Employer would not give me more hours

                        11%

                        6%

                        Lack of childcare

                        25%

                        5%

                        Caring for a family member

                        15%

                        1%

                        Health/Medical limitation or disability

                        28%

                        9%

                        Lay-Offs or furloughs due to COVID-19

                        13%

                        8%

                        Afraid to work due to COVID-19

                        18%

                        5%

                         

                        Some of the survey respondents with children struggled to find childcare; 16% reported that they couldn’t find care that matched their work schedule and 30% couldn’t find care that was affordable. This is no surprise as childcare affordability has long been a challenge for financially vulnerable Hoosiers and all indications are that COVID-19 has exacerbated those high costs. In fact, a paper from the Center for American Progress posits that the cost of center-based care has gone up 47% since before the pandemic and the cost of home-based care has gone up 70%.

                        An additional challenge for women re-entering the workforce is the fact that Indiana is still missing childcare slots compared to before the pandemic. According to the Early Learning Advisory Committee’s COVID-19 Impact report, only 58% of childcare programs remained open during the shutdown, 21% were temporarily closed, and 22% had not re-opened as of June 30, 2020. Since then, programs have been re-opening, but according to the COVID-19 Impact Dashboard, we are still down about 290 programs since March 23, 2020. Only a small percentage of these are still closed due to COVID-19 - the majority have closed for other reasons - however, the fact remains that there are not as many places for parents to take their kids to receive childcare. Furthermore, nearly 470 programs out of the 3,928 open childcare programs take Child Care Development Fund (CCDF) vouchers that help lower-income families pay for childcare costs. Finally, COVID-19 safety protocols have limited capacity at childcare facilities compounding the supply problem.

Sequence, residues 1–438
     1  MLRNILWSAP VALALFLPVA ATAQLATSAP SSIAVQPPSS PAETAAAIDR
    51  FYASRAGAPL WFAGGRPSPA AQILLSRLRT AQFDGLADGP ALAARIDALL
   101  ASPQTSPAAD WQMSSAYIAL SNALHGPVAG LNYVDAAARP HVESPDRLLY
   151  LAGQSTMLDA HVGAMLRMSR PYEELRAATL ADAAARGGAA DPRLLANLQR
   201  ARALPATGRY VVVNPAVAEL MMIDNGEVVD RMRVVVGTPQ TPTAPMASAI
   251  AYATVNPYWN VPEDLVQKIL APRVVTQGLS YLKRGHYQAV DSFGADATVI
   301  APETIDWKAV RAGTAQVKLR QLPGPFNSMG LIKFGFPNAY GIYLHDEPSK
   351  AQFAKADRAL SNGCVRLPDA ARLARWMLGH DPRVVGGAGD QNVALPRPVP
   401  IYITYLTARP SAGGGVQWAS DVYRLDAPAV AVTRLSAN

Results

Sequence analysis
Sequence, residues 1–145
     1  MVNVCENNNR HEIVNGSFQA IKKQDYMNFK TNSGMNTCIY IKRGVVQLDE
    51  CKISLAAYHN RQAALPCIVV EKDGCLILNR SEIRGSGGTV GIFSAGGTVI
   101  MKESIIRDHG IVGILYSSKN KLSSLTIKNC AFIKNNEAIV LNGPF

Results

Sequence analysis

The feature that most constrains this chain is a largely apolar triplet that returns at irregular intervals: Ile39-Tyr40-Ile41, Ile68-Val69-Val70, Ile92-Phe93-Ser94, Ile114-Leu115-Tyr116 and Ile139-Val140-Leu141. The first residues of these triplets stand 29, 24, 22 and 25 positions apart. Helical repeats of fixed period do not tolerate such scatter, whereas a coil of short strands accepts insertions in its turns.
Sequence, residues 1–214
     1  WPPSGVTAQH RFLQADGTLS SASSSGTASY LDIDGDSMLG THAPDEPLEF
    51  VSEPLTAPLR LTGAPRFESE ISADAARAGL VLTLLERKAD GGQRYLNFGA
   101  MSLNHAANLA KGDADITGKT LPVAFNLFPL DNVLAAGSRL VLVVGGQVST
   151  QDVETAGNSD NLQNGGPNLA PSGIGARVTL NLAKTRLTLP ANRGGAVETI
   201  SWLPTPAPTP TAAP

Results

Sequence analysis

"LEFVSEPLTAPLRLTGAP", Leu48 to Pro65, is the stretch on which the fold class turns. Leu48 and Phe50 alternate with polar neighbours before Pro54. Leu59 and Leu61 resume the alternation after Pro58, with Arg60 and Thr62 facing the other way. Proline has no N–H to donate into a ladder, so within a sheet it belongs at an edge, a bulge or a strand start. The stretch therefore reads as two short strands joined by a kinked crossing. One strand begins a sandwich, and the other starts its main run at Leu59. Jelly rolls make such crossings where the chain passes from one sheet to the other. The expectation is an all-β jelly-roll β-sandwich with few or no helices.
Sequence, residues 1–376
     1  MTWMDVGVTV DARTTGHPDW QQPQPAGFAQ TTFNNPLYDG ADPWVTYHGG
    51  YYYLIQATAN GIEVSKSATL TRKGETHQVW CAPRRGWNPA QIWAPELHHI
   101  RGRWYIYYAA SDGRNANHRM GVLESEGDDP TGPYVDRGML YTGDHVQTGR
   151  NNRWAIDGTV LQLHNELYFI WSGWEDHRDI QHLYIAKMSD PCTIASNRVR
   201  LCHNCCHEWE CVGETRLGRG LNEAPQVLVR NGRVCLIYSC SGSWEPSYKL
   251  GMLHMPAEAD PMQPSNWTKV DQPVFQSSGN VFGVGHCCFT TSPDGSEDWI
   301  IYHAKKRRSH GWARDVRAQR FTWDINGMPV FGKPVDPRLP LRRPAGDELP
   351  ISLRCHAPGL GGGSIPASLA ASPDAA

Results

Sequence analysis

COVID-19 didn’t just affect the financial well-being of Hoosier women but other aspects as well, 73% of respondents told us that their stress levels had increased due to COVID-19. Data from more quantitative sources confirms much of what we have heard from financially vulnerable Hoosier women. Hoosier families are still struggling, and women continue to carry most of the burden.

                        According to The Century Foundation’s UI Data Dashboard, 49.6% of Hoosier UI claimants since March 2020 identified as women. This is notable because only 46.7% of Indiana’s total workforce identifies as women. For Black Hoosiers, the disparities are more striking. Black Hoosiers accounted for 17.7% of claimants while only making up 9.4% of the workforce. Both Hispanic and White workers had smaller percentages of claimants compared to their share of the workforce (see Table 2).

                        Table 2: Unemployment Insurance Data Dashboard, 3.1. Demographics of UI Claimants - Average since March

                        Race/Ethnicity

                        % of UI Claimants Since March 2020

                        % of the Total Workforce

                        Asian

                        1.9%

                        Data Unavailable

                        Black

                        17.7%

                        9.4%

                        Hispanic

                        6.4%

                        8.07%

                        White

                        71.9%

                        85.7%



                        Not Just a Hoosier Challenge